Tuesday 13 June 2017

Movie Review: High Fidelity (2000)

A romantic comedy with some dramatic elements, High Fidelity goes for a grubby tone in both aesthetics and emotions.

In Chicago, Rob Gordon (John Cusack) runs a vinyl record store in a seedy part of town. Gordon's latest girlfriend Laura (Iben Hjejle) has just walked out on him, accusing him of failing to grow up and not having enough ambition. Rob recollects his previous most memorable break-ups, including glamorous ex-girlfriend Charlie (Catherine Zeta-Jones).

Rob's co-workers are music geeks Dick (Todd Louiso) and Barry (Jack Black). Dick is a timid introvert while Barry is an over-talkative amateur band member. As Rob works through his emotions, including conversing with his sister Liz (Joan Cusack), he meets budding singer Marie DeSalle (Lisa Bonet) and they develop a mutual but superficial attraction. Meanwhile Laura starts a new affair with ex-neighbour Ian Raymond (Tim Robbins) but she also stays in touch with Rob, providing him with hope that their relationship may be salvageable.

Directed by Stephen Frears, High Fidelity aims for an edgy, knowing vibe but veers too far away from its own essence. While the search for an original angle within the romantic comedy genre is welcome, too much of the film is obsessed with music minutiae and the competitive bickering of Dick and Barry at the record store. Initially funny, this side quest into the juvenile antics of two socially awkward friends invades most of the film, and the endless music trivia banter becomes a cause onto itself.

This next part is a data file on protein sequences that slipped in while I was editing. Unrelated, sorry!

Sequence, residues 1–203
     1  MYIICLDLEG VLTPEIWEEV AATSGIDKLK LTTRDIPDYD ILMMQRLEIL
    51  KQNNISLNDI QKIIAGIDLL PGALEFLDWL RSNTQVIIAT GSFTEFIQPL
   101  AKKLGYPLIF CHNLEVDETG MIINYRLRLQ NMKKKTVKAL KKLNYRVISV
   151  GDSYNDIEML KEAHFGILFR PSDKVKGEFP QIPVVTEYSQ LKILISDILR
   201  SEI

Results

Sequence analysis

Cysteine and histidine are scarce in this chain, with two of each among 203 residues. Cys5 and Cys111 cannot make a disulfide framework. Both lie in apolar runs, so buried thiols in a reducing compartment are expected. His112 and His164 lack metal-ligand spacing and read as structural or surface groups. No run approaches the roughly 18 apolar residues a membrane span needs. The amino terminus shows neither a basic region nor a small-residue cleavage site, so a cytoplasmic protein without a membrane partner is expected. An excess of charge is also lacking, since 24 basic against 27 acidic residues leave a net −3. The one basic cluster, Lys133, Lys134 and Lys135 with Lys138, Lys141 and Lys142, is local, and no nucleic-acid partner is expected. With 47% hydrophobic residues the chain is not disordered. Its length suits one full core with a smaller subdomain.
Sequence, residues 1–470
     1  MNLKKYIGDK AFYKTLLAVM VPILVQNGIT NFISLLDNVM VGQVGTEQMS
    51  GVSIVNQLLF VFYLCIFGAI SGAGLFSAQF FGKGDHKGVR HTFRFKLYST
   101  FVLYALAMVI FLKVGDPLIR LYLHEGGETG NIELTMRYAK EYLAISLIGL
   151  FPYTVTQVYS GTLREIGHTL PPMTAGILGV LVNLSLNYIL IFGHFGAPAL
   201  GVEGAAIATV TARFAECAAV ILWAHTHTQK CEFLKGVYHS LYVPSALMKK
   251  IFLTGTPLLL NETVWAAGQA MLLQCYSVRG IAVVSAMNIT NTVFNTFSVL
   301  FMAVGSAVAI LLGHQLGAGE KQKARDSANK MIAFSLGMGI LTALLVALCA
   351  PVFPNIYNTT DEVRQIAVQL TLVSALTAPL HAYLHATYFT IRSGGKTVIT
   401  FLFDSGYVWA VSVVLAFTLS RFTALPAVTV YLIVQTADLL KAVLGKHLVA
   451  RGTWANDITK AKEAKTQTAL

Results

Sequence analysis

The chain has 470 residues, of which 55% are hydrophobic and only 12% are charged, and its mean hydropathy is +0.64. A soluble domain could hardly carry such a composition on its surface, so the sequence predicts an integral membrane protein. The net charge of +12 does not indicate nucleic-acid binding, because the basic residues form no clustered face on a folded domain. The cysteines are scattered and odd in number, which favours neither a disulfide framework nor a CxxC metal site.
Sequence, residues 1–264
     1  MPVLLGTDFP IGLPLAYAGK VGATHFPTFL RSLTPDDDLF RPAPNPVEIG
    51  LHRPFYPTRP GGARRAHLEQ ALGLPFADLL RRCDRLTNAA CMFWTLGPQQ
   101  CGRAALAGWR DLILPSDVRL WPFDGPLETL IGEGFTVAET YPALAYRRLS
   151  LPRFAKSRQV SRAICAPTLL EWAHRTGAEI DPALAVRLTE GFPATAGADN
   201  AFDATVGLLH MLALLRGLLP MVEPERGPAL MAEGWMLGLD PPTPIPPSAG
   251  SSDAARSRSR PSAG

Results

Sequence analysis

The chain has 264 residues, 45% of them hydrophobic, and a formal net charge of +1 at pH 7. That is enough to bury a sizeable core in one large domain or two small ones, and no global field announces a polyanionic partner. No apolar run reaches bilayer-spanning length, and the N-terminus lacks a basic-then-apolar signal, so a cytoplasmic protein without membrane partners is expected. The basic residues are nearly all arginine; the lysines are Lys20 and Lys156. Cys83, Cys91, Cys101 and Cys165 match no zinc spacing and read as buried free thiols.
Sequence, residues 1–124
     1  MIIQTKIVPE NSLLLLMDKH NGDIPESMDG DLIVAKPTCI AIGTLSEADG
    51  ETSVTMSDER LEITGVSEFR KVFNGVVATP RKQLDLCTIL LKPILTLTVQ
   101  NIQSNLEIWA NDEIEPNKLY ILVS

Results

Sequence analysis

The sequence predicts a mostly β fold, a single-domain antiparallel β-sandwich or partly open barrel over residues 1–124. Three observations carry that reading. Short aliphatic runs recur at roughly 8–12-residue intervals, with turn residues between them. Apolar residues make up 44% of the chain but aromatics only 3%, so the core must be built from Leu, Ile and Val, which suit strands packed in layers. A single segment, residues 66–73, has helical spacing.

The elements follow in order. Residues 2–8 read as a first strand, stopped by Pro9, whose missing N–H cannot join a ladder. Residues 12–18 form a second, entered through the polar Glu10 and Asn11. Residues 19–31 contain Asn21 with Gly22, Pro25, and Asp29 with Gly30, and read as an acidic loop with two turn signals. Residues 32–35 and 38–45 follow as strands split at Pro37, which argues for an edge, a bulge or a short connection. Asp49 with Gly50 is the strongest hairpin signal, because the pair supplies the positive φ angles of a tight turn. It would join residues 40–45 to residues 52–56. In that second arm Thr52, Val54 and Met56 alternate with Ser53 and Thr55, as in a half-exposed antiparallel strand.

Meanwhile, Rob Gordon is an unfortunately unlikeable character to place in the middle of a film. A prototypical immature man, Rob does little to deserve any sympathy as he wonders why all his relationships fail. His journey to self-awareness is both trite and tedious. Frears' decision to have Rob break the fourth wall and narrate directly to the cameras throughout the whole film does not help, as despite John Cusack's best efforts Rob comes across as filled with an obnoxious combination of smugness and self-pity.

Laura holds more promise as an interesting character open to the opportunity of rescuing a long-term relationship, but the speed with which she takes up with Ian undermines her apparent continued investment in Rob.

What remains is a film soundtrack filled with a mixtape of obscure and lesser known songs, High Fidelity proudly displaying its high hip quotient, but forgetting to add the necessary substance to actually be relevant.

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